9.4.2 The Electrolyte . . . . . . . . . . . . . . . . . . . . . . . . . . . . . . . . . . . . . . . . . . . . . . . . . . . . . . . . . . . . . . . . . . .
9.5
Electrodics . . . . . . . . . . . . . . . . . . . . . . . . . . . . . . . . .. . . . . . . . . . . . . . . . . . . . . . . . . . . . . . . . .. . . . . . . . . . . . . . .
9.6
Batteries and Cells . . . . . . . . . . . . . . . . . . . . . . . . . . . . . . . . . . . . . . . . . . . . . . . . . . . . . . . . . . . . . . . . . . . . . . . .
9.6.1 Primary Batteries . . . . . . . . . . . . . . . . . . . . . . . . . . . . . . . . . . . . . . . . . . . . . . . . . . . . . . . . . . . . . . . . .
9.6.2 Secondary Batteries . . . . . . . . . . . . . . . . . . . . . . . . . . . . . . . . . . . . . . . . . . . . . . . . . . . . . . . . . . . . . .
9.7
Fuel Cells . . . . . . . . . . . . . . . . . . . . . . . . . . . . . . . . . . . . . . . . . . . . . . . . . . . . . . . . . . . . . . . . . . . . . . . . . . . . . . . . . .
9.8
Hybrid Cells . . . . . . . . . . . . . . . . . . . . . . . . . . . . . . . . . . . . . . . . . . . . . . . . . . . . . . . . . . . . . . . . . . . . . . . . . . . . . . .
9.9
Electric Vehicle . . . . . . . . . . . . . . . . . . . . . . . . . . . . . . . . . . . . . . . . . . . . . . . . . . . . . . . . . . . . . . . . . . . . . . . . . . .
Further Reading . . . . . . . . . . . . . . . . . . . . . .. . . . . . . . . . . . . . . . . . . . . . . . . . . . .. . . . . . . . . . . . . . . . . . . . . . . . . . . .. . . .

145
145
145
148
150
150
151
154
157
157
160
163
165
167
172

10

Corrosion . . . . . . . . . . . . . . . . . . . . . . . . . . . . . . . . . . . . . . . . . . . . . . . . . . . . . . . . . . . . . . . . . . . . . . . . . . . . . . . . . . . . . . . . .
10.1
Introduction . . . . . . . . . . . . . . . . . . . . . . . . . . . . . . . . . . . . . . . . . . . . . . . . . . . . . . . . . . . . . . . . . . . . . . . . . . . . . .
10.2
Factors Affecting the Rate of Corrosion . . . . . . . . . . . . . . . . . . . . . . . . . . . . . . . . . . . . . . . . . . . . . .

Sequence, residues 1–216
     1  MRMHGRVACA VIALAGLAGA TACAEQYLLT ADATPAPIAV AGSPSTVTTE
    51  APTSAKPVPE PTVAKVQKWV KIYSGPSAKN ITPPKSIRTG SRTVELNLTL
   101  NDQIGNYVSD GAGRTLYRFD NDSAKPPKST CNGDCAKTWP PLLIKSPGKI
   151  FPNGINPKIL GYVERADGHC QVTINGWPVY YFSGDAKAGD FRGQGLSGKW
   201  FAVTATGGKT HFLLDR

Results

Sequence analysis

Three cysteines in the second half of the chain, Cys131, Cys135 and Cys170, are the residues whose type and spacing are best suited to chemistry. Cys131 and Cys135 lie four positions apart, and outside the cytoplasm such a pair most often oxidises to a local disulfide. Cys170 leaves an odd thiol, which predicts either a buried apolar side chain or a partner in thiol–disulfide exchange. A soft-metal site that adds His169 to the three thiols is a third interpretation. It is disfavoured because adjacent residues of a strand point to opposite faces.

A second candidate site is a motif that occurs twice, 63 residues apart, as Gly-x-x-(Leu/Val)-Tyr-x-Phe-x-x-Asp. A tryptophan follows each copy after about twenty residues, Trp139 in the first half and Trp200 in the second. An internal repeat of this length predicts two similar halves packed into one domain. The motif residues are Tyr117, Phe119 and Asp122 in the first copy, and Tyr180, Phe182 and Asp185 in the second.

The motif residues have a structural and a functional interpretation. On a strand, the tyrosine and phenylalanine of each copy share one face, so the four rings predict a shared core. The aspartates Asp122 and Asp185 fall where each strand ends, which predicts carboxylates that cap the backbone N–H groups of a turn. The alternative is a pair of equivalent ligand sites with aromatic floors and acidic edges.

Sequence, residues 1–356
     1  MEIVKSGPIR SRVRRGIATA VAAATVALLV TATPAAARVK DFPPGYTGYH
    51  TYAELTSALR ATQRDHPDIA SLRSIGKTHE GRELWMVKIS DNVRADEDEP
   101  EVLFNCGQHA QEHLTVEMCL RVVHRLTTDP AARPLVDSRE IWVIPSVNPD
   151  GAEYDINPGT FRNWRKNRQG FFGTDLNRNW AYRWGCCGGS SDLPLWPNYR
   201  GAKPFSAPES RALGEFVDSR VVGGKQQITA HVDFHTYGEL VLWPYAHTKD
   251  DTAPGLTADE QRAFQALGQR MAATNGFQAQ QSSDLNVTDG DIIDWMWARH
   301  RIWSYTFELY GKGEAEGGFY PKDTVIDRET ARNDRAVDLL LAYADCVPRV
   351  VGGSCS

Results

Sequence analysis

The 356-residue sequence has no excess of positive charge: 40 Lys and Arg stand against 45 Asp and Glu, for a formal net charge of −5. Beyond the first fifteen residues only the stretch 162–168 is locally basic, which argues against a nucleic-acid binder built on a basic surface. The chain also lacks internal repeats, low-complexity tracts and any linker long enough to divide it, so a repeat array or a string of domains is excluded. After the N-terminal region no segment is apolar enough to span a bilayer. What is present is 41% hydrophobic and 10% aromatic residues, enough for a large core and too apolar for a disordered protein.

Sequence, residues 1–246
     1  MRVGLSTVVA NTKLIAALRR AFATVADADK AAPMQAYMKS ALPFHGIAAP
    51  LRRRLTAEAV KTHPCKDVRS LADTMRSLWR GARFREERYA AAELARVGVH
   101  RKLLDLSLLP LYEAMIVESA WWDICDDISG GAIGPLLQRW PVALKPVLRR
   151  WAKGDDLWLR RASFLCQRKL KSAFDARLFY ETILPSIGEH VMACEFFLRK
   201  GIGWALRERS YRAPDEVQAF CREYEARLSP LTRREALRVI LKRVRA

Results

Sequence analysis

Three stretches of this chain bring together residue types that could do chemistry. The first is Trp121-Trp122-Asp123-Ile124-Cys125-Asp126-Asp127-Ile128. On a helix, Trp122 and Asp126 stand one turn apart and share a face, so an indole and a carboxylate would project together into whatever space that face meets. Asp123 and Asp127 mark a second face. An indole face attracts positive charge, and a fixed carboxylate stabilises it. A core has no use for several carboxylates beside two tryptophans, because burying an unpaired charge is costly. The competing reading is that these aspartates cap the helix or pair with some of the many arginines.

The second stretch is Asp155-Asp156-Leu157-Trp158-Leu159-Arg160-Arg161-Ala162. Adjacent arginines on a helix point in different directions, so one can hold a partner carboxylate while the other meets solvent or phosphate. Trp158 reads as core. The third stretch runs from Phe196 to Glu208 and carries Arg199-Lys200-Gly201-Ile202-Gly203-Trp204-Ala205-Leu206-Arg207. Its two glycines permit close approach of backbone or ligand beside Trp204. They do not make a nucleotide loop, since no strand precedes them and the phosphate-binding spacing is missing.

10.3
Types of Corrosion . . . . . . . . . . . . . . . . . . . . . . . . . . . . . . . . . . . . . . . . . . . . . . . . . . . . . . . . . . . . . . . . . . . . . .
10.3.1 Uniform Corrosion . . . . . . . . . . . . . . . . . . . . . . . . . . . . . . . . . . . . . . . . . . . . . . . . . . . . . . . . . . . .
10.3.2 Bimetallic Corrosion . . . . . . . . . . . . . . . . . . . . . . . . . . . . . . . . . . . . . . . . . . . . . . . . . . . . . . . . . .
10.3.3 Crevice Corrosion . . . . . . . . . . . . . . . . . . . . . . . . . . . . . . . . . . . . . . . . . . . . . . . . . . . . . . . . . . . . .
10.3.4 Pitting Corrosion .. . .. . .. . . .. . .. . .. . .. . .. . . .. . .. . .. . .. . . .. . .. . .. . .. . .. . . .. . .. . ..
10.3.5 Grain Boundary Corrosion . . . .. . . .. . . .. . . .. . . . .. . . .. . . .. . . .. . . . .. . . .. . . .. . . .. .
10.3.6 Layer Corrosion . .. .. . .. . .. . .. . .. .. . .. . .. . .. .. . .. . .. . .. . .. .. . .. . .. . .. .. . .. . .. . ..
10.3.7 Stress Corrosion Cracking . . . . . . . . . . . . . . . . . . . . . . . . . . . . . . . . . . . . . . . . . . . . . . . . . . . .
10.3.8 Cavitation Corrosion . . . . . . . . . . . . . . . . . . . . . . . . . . . . . . . . . . . . . . . . . . . . . . . . . . . . . . . . . .
10.3.9 Hydrogen Embrittlement .. . . .. . . .. . . .. . . .. . . .. . . .. . . .. . . .. . . .. . . .. . . .. . . .. . . ..
10.4
Atmospheric Corrosion . . . . . . . . . . . . . . . . . . . . . . . . . . . . . . . . . . . . . . . . . . . . . . . . . . . . . . . . . . . . . . . . .
10.5
Corrosion in Soil . .. . .. . . .. . .. . .. . .. . .. . .. . . .. . .. . .. . .. . .. . .. . . .. . .. . .. . .. . .. . . .. . .. . .. . ..
10.6
Aqueous Corrosion . . . . . . . . . . . . . . . . . . . . . . . . . . . . . . . . . . . . . . . . . . . . . . . . . . . . . . . . . . . . . . . . . . . . . .
10.7
Corrosion Protection and Inhibition . . . . . . . . . . . . . . . . . . . . . . . . . . . . . . . . . . . . . . . . . . . . . . . . . . .
10.8
Corrosion in Boiler Steam and Condensate . . . . . . . . . . . . . . . . . . . . . . . . . . . . . . . . . . . . . . . . . . .
10.9
Cathodic Protection . . .. .. . .. . .. .. . .. . .. .. . .. . .. .. . .. . .. .. . .. . .. .. . .. . .. .. . .. . .. .. . .. . .. ..
Further Reading . . . . . . . . . . . . . . . . . . . . . .. . . . . . . . . . . . . . . . . . . . . . . . . . . . .. . . . . . . . . . . . . . . . . . . . . . . . . . . .. . . .

175
175
176
179
179
179
180
180
182
182
182
183
184
184
185
185
186
187
188
189


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Contents

11

Polymers and Plastics . . . . .. . . . . . . . . . . . .. . . . . . . . . . . . .. . . . . . . . . . . . . .. . . . . . . . . . . . .. . . . . . . . . . . . .. . . .
11.1
Introduction . . . . . . . . . . . . . . . . . . . . . . . . . . . . . . . . . . . . . . . . . . . . . . . . . . . . . . . . . . . . . . . . . . . . . . . . . . . . . .
11.2
Molecular Weight . . . . . . . . . . . . . . . . . . . . . . . . . . . . . . . . . . . . . . . . . . . . . . . . . . . . . . . . . . . . . . . . . . . . . . .
11.3
Copolymers . . . . . . . . . . . . . . . . . . . . . . . . . . . . . . . . . . . . . . . . . . . . . . . . . . . . . . . . . . . . . . . . . . . . . . . . . . . . . .